Any good Pittsburgh criminal defense attorney can tell you that, as in most states, Pennsylvania police officers and state troopers use certain tests to determine the sobriety of a driver they have pulled over. These tests are called field sobriety tests. They are given during traffic stops, right there at the scene. They are generally not given unless the officer has reason to believe, by your behavior or physical state, that you are under the influence. The purpose of the test is to help a cop decide if you are intoxicated, or impaired in any way. The police officer or state trooper making the traffic stop has discretionary power to give or not give field sobriety tests to a driver.What are the Field Sobriety Tests Pennsylvania Uses?
Field sobriety tests help an officer more clearly see your physical condition. If you are stopped, and the officer smells alcohol on your breath or has observed you doing things that are associated with drinking and driving (like hugging the curb or weaving within your lane or into and out of your lane), you may be asked to complete one or more tests. Usually, there are three main field sobriety tests used in Pennsylvania. They are:
- Walk a straight line
- One-legged stand
- Horizontal gaze nystagmus test
Field sobriety tests, as stated above, give police officers a picture of your physical condition, specifically your agility and balance, and your ability to follow more than one direction at a time.
The problem is, some of these tests are difficult even for sober people. A person with a processing difficulty may be stone cold sober but unable to complete more than one set of directions at a time. Someone with eye problems may not be able to follow a pen with only their eyes. And, an older person or a person with weak core muscles may not be able to walk in a straight line. A well-trained and experienced Pittsburgh criminal defense attorney will know this and use this information to defend a client against DUI charges.Breathalyzer
A breathalyzer test is a machine into which you blow air, or breath, from your lungs. The machine then measures your Blood Alcohol Concentration based on that breath. Many times, you will be arrested and taken to the police station to take a breathalyzer, because that’s generally where it is kept. Blood Alcohol Concentration, also called BAC, is measured in percents, and is the percent of alcohol that is found in your system. The legal limit in Pennsylvania is 0.08 percent. If your breathalyzer shows that percentage or higher, you will be charged with Driving Under the Influence. It’s important to remember that breathalyzer results are not always accurate, and the test is not always administered following proper protocols. Also, there is a short window of time in which the police can test using a breathalyzer. If they wait too long to test you after they arrest you, the results could be invalid.The Results of Field Sobriety Tests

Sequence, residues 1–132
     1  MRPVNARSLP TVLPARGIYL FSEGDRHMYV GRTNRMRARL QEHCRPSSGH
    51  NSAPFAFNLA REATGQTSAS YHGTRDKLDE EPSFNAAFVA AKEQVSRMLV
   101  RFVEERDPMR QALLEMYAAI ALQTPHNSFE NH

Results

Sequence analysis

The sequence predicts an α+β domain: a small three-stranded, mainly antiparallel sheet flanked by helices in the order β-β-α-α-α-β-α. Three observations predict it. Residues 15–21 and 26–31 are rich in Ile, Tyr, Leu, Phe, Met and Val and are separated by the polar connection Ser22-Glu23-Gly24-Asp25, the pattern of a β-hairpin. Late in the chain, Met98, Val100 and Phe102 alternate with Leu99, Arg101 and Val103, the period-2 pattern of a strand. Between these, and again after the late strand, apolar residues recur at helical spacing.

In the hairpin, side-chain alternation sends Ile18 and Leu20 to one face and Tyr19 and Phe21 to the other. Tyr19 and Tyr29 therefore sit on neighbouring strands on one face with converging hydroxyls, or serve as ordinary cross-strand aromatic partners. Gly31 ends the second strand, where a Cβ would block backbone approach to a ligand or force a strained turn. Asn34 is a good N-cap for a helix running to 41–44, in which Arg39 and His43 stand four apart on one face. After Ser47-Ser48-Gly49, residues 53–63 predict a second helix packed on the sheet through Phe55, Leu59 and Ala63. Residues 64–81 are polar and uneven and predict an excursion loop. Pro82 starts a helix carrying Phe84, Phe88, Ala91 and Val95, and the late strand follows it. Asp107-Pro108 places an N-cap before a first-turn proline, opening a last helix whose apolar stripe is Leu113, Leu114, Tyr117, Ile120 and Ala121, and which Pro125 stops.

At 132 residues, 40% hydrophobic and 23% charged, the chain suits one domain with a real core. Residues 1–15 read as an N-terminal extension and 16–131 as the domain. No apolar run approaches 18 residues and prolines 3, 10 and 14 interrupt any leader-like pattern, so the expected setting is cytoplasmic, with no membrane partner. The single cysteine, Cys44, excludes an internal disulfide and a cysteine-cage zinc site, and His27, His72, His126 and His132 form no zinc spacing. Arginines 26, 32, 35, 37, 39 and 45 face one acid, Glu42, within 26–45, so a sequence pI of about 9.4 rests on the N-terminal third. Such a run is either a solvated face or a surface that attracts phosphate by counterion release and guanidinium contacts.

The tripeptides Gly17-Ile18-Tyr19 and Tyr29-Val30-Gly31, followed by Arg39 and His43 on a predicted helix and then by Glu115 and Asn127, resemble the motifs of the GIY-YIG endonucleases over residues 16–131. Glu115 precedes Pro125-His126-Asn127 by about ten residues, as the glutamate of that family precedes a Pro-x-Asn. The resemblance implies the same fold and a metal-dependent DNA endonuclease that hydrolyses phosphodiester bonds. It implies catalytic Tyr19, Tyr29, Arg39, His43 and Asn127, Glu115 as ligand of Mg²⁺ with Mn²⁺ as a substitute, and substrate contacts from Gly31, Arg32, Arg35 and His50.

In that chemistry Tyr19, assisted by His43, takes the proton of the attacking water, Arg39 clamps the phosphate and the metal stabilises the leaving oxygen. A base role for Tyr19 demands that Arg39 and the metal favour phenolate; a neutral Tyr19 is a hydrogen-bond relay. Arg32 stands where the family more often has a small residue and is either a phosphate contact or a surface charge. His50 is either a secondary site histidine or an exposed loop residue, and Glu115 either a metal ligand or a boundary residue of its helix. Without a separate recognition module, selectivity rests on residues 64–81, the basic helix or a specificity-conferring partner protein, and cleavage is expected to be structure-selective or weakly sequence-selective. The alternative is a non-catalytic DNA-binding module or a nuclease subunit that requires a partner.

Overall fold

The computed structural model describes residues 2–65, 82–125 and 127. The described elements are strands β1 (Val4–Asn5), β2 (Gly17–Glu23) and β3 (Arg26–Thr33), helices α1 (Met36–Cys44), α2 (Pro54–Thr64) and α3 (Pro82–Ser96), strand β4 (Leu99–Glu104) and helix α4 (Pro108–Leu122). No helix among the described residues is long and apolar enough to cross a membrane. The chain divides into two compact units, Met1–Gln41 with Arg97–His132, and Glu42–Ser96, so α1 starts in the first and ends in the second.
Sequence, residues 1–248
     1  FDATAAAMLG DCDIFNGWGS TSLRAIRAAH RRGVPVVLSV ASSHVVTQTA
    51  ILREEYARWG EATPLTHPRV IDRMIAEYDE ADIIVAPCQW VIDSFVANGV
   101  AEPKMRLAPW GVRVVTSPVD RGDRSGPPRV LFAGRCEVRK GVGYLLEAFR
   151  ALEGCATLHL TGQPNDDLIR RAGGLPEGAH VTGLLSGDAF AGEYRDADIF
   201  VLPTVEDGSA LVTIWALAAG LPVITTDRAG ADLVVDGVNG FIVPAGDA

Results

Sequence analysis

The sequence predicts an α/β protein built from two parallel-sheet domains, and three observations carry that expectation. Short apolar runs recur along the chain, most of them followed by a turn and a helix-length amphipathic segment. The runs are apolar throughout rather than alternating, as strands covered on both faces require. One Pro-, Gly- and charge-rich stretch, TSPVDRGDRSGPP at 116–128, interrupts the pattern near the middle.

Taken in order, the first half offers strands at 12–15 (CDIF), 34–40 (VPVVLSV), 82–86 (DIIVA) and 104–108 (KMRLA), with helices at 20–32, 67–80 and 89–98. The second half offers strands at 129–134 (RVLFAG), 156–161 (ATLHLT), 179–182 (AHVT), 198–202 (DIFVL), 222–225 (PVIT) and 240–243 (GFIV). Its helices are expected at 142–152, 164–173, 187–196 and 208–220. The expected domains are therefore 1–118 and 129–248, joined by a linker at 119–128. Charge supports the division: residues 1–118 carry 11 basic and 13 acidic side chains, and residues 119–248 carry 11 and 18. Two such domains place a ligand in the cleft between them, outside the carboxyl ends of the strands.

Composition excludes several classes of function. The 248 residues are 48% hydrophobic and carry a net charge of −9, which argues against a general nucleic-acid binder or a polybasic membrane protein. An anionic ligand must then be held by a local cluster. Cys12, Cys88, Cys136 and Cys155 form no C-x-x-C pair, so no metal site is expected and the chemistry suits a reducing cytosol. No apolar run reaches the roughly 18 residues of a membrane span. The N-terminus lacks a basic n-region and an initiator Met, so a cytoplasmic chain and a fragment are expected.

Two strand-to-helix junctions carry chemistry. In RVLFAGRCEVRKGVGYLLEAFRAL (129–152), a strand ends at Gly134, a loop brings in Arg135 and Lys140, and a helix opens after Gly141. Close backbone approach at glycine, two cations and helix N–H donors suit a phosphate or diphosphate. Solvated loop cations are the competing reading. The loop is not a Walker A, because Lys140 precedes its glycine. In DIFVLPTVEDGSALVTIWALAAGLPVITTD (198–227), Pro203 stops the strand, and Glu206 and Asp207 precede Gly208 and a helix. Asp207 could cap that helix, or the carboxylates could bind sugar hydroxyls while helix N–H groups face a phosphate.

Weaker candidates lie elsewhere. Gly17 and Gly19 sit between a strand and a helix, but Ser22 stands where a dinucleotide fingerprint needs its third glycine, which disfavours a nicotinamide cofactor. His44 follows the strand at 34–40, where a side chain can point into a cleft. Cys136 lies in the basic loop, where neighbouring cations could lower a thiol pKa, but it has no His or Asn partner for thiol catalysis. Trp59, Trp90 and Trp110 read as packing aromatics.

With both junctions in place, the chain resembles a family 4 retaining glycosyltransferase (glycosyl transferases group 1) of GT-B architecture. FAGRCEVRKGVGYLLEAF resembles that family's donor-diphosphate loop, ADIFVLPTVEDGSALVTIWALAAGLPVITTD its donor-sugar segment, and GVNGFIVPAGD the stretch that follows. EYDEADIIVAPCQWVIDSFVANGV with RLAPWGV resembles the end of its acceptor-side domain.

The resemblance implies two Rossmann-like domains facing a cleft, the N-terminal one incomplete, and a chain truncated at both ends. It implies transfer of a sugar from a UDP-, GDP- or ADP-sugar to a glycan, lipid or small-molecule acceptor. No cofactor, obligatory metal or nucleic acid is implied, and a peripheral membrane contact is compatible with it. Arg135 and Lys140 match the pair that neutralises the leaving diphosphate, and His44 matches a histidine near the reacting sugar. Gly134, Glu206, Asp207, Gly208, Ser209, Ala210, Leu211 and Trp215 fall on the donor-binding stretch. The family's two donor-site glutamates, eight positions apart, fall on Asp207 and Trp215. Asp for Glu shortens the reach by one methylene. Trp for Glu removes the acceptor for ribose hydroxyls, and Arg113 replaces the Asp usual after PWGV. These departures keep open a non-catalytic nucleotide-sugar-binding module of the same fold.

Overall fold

One of the reasons that you need the help of a DUI attorney with experience is that the cop who arrests you may not give you the specific details of your arrest. An experienced attorney will know the latest updates in DUI law and will have a good understanding of the system. He will begin immediately to reduce your charges or eliminate them altogether. He will go over the results of the field sobriety tests you were given, as well as breath and blood tests, to look for inconsistencies. He’ll look at the video of your arrest, if one was recorded, and develop the best defense he can, based on the details of your specific case.
Have you failed one or more field sobriety tests, and been charged with DUI? Then you will need a criminal defense lawyer experienced in defending DUI. The Logue Criminal Defense team has helped hundreds of clients defend themselves against DUI charges. Logue Law Group serves Pittsburgh, PA, West Virginia, and Ohio. Call today to schedule an initial consultation, free of charge, at (412) 612-2210 or (412) 612-2210. We can also be contacted online.